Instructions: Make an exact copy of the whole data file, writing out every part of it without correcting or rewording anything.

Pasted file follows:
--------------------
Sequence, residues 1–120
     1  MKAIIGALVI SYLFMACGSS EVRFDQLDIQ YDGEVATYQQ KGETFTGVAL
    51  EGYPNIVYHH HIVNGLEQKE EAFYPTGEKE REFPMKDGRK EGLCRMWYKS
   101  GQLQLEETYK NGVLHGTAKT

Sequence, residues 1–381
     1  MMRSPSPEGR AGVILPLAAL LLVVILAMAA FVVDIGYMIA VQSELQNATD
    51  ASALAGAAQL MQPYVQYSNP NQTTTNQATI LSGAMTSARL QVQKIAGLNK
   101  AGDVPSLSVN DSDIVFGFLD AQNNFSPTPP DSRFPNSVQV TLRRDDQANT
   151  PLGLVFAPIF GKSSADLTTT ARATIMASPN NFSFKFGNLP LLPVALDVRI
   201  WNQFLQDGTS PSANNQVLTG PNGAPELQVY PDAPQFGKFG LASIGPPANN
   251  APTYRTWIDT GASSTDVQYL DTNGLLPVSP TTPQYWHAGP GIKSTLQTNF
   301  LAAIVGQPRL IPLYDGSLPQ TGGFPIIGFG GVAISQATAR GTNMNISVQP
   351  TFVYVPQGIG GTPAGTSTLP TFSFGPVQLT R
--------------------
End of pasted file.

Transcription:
Sequence, residues 1–120
     1  MKAIIGALVI SYLFMACGSS EVRFDQLDIQ YDGEVATYQQ KGETFTGVAL
    51  EGYPNIVYHH HIVNGLEQKE EAFYPTGEKE REFPMKDGRK EGLCRMWYKS
   101  GQLQLEETYK NGVLHGTAKT

Sequence, residues 1–381
     1  MMRSPSPEGR AGVILPLAAL LLVVILAMAA FVVDIGYMIA VQSELQNATD
    51  ASALAGAAQL MQPYVQYSNP NQTTTNQATI LSGAMTSARL QVQKIAGLNK
   101  AGDVPSLSVN DSDIVFGFLD AQNNFSPTPP DSRFPNSVQV TLRRDDQANT
   151  PLGLVFAPIF GKSSADLTTT ARATIMASPN NFSFKFGNLP LLPVALDVRI
   201  WNQFLQDGTS PSANNQVLTG PNGAPELQVY PDAPQFGKFG LASIGPPANN
   251  APTYRTWIDT GASSTDVQYL DTNGLLPVSP TTPQYWHAGP GIKSTLQTNF
   301  LAAIVGQPRL IPLYDGSLPQ TGGFPIIGFG GVAISQATAR GTNMNISVQP
   351  TFVYVPQGIG GTPAGTSTLP TFSFGPVQLT R